Former nurse at Windsor Assembly Plant faces sexual misconduct allegations

Windsor Assembly Plant, photographed in March 2020. (Colin Cote-Paulette/CBC - image credit)
Windsor Assembly Plant, photographed in March 2020. (Colin Cote-Paulette/CBC - image credit)

A former nurse who worked at the Windsor Assembly Plant is scheduled for a professional misconduct hearing next month due to allegations of inappropriate touching, sexual advances and more.

According to a notice by the College of Nurses of Ontario, the hearing stems from complaints about the nurse, who is male, from one female worker/patient and three female nurse colleagues.

The allegations involve incidents at the manufacturing facility between June 2020 and March 2021, while the man was employed there as a registered nurse.

The CNO's database shows that the subject first registered as a nurse in 1982. He resigned his registration in December 2021.

CNO spokesperson Kristi Green stated that the college "has continuing jurisdiction for professional misconduct or incompetence for the time when the person was a member."

Penalties that the CNO's discipline committee can level include:

  • A fine of up to $35,000.

  • A program of therapy or counselling, for which the subject must reimburse the college.

  • A requirement that the subject notify employers of the college's decision.

  • An oral reprimand.

"As well, if CNO is aware that a nurse is registered by another regulatory body, we notify that body of any discipline committee order," Green stated.

Records show the man has an active Michigan nursing licence that expires later this year.

Public protection and public confidence in CNO's ability to regulate nurses are considerations in disciplinary measures, Green added. "Discipline committee orders are intended to address specific deterrence, general deterrence, and, when appropriate, rehabilitation and remediation."

A sign at the College of Nurses of Ontario building.
A sign at the College of Nurses of Ontario building.

A sign at the College of Nurses of Ontario building. (Meagan Fitzpatrick/CBC)

The Windsor Assembly Plant employs a team of registered nurses to provide health care for its thousands of workers. In 2017, that team numbered 16, three of them full-time.

Stellantis declined to comment on the CNO's proceedings.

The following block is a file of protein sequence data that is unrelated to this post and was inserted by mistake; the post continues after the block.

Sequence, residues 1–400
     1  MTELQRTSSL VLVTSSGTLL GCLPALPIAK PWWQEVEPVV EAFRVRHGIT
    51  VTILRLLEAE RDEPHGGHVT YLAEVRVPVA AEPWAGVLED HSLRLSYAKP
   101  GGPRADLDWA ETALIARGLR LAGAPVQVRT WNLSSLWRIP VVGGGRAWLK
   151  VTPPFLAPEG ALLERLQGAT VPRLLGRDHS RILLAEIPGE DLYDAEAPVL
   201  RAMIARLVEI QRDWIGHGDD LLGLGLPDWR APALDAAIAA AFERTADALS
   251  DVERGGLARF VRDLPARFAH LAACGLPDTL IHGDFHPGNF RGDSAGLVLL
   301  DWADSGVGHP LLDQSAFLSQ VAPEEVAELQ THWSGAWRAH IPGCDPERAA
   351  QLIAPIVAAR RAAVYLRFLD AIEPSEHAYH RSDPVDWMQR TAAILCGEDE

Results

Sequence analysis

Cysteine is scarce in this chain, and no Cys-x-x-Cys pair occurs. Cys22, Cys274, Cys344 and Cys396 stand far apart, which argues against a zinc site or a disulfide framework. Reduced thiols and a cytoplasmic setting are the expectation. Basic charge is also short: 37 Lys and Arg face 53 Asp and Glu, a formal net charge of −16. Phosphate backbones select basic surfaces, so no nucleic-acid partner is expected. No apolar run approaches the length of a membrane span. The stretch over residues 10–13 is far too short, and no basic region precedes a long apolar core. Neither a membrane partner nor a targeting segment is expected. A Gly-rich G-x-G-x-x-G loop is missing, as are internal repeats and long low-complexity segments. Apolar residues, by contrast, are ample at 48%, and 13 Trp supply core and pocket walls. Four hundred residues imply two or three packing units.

According to the hearing notice, the female patient alleged that the male nurse rubbed her neck "for longer than clinically necessary," and also rubbed rubbed her shoulders, back, and arms "when such touching was not of a clinical nature appropriate to the service provided."

The patient further alleged that the day after the incident, the man asked for her home address, asked to meet with her outside of work, "called her cute," and texted her personal phone "without clinical purpose."

The complaints from the man's nursing colleagues were of a similar nature.

One female nurse alleged that the man hugged her without her consent on multiple occasions, and he had an erection "on at least one of those occasions."

She also alleged that he asked if she wanted a "friends with benefits" relationship with him, and she had to repeatedly rebuff his requests to spend time with her outside of work.

Another female nurse complained that the man "made comments about the bodies and/or appearances of women," told her an inappropriate story about "a woman who flashed her breasts," and sent her text messages "of a personal nature," including a message about "being in bed while texting."

A third nurse complainant said the man grabbed and squeezed her upper thigh in one incident in March 2021.

According to the college, the behaviour in the allegations constitutes "disgraceful, dishonourable, or unprofessional conduct."

The hearing is set to take place virtually on Feb. 26.

"At the College of Nurses of Ontario, our purpose is to protect the public by promoting safe nursing practice," Green stated.

"This purpose is central to all our regulatory functions, including responding to concerns about a nurse's conduct, competence, and health."